“The Government urgently needs to review its plans in order to help the NHS provide extra beds to deal with the pandemic and ease the pressure on intensive care units. It should look at how more staff can be trained in ventilatory support and the idea of rest centres to care for patients who can’t look after themselves at home.”


British restrictions on prescription of osteoporosis drugs 'defy belief', says leading doctor

Thousands of women are being denied better osteoporosis drugs because of unnecessarily restrictive Government guidelines, a doctor said last night. Professor David Reid, an expert on brittle bones, said the rules are so stringent that GPs are often prevented from giving alternative treatments to those suffering side-effects from their pills.

A once-a-year jab that could save thousands from the misery of broken bones is also not going to be assessed for use on the NHS in England and Wales for at least three years, despite being available in Scotland. It means that sufferers are being denied drugs that could have a major impact on their health and their quality of life. The news will reignite the debate about the evaluation system used by drugs rationing body the National Institute for Health and Clinical Excellence. NICE has previously been criticised for banning or restricting breakthrough medicines for conditions such as breast cancer and Alzheimer's.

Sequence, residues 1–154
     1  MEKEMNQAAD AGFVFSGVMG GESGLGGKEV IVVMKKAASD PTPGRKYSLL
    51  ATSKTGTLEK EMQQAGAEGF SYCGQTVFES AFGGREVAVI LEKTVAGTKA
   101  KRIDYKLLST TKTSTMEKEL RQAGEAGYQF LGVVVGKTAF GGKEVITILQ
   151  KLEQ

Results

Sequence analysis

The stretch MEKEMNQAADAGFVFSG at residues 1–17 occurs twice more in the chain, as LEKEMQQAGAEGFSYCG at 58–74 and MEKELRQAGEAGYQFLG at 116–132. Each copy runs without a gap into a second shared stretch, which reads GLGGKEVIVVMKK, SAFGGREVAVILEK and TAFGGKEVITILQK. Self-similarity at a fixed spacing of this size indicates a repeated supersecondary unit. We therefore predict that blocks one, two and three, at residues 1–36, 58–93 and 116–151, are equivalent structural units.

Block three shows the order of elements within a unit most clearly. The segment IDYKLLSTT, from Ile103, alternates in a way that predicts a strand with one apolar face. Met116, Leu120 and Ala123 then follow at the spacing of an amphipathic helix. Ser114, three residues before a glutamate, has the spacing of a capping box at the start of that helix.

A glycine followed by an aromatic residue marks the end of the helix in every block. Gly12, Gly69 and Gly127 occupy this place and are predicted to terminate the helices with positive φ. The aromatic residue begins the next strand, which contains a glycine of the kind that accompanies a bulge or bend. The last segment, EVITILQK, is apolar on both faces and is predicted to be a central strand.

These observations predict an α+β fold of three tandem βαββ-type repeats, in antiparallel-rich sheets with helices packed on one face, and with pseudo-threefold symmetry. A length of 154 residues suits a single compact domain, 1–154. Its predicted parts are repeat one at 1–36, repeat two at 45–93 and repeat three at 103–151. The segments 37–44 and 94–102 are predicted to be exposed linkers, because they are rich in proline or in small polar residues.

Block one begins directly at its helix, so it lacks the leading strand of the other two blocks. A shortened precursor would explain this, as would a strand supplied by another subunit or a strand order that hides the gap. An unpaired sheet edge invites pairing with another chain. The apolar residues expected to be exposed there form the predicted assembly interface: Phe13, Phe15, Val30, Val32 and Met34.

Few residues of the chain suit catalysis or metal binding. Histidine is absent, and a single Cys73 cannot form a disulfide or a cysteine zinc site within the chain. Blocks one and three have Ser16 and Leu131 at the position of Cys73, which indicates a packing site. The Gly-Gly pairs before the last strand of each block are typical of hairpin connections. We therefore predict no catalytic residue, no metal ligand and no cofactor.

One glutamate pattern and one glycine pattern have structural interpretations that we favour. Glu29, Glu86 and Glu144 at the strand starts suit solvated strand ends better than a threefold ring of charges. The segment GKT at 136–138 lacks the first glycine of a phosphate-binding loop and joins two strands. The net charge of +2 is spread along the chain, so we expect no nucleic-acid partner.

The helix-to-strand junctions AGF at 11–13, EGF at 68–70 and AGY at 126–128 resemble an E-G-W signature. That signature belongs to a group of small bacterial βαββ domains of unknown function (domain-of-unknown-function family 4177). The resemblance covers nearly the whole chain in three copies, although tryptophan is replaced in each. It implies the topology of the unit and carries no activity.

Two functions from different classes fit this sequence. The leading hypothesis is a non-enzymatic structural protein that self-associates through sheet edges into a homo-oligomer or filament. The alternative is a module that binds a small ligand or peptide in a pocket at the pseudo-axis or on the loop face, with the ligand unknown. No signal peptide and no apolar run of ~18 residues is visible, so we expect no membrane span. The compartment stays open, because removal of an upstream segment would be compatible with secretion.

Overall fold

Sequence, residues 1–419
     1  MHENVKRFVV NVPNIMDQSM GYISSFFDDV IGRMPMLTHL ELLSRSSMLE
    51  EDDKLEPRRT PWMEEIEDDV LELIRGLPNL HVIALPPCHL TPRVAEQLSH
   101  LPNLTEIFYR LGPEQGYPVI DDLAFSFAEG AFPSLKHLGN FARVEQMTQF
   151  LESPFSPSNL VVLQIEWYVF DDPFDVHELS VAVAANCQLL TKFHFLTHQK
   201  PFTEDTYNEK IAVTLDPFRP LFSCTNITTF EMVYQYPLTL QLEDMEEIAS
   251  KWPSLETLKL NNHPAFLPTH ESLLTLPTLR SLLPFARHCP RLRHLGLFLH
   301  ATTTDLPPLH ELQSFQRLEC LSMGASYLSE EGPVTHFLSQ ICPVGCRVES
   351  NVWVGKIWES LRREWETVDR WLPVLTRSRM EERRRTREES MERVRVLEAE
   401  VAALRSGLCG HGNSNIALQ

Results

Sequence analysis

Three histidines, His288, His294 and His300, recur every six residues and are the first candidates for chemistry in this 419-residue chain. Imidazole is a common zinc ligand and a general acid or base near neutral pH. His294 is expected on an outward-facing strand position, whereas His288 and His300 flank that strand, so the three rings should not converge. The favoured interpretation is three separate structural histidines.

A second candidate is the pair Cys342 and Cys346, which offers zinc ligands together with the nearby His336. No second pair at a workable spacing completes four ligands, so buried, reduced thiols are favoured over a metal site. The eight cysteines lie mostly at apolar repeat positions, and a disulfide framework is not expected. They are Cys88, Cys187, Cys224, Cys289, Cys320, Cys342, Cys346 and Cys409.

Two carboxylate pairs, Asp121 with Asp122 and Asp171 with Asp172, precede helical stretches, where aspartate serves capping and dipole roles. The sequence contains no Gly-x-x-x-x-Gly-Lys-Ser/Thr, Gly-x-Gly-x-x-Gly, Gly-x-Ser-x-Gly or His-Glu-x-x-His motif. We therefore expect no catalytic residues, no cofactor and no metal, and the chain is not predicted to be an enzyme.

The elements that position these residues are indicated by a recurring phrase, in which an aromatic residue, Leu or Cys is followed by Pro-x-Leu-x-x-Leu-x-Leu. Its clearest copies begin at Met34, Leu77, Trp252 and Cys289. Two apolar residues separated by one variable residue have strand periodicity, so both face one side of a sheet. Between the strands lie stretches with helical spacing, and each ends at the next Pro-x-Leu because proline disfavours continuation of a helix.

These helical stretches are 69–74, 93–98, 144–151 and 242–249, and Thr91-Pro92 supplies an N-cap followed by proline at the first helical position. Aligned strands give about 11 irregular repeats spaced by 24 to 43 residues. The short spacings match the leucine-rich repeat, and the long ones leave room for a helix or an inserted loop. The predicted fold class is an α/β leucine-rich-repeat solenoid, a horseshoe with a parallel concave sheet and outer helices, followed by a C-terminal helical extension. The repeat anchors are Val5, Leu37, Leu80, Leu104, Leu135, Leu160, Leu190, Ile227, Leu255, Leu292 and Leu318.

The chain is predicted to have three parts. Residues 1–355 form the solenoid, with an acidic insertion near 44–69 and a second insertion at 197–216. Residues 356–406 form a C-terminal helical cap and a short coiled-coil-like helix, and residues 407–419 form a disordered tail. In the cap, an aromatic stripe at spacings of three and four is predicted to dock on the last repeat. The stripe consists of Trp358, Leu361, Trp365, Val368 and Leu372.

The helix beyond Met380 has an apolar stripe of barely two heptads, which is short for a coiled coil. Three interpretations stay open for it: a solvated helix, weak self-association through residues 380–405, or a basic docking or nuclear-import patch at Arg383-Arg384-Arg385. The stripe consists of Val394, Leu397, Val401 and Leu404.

Mr Reid, of Aberdeen University, told the British Science Festival that the NICE guidelines on the disease were 'unnecessarily restrictive'. Up to a quarter of patients taking the first-choice drug, the £50-a-year alendronic acid, will be troubled by indigestion, with some experiencing crippling stomach pain. But under guidelines, sufferers may have to wait up to five years for their condition to deteriorate before being put on more expensive treatments with fewer side-effects.

Mr Reid said: 'The guidelines indicate that a lady can have alendronic acid at a certain level of risk. 'If that person doesn't tolerate the drug and goes back to their GP, the GP might have to say, "Your risk isn't high enough to have the next drug" - and frankly, that is just bad medical practice. It defies logic.'

The science conference in Guildford, Surrey, also heard that thousands of osteoporosis patients in England and Wales are being denied the cutting edge drug zolendronic acid. It has passed the safety checks for use in Britain and has been prescribed in Scotland for about 18 months. But NICE is not due to evaluate it for NHS use in England and Wales for three years, the conference heard.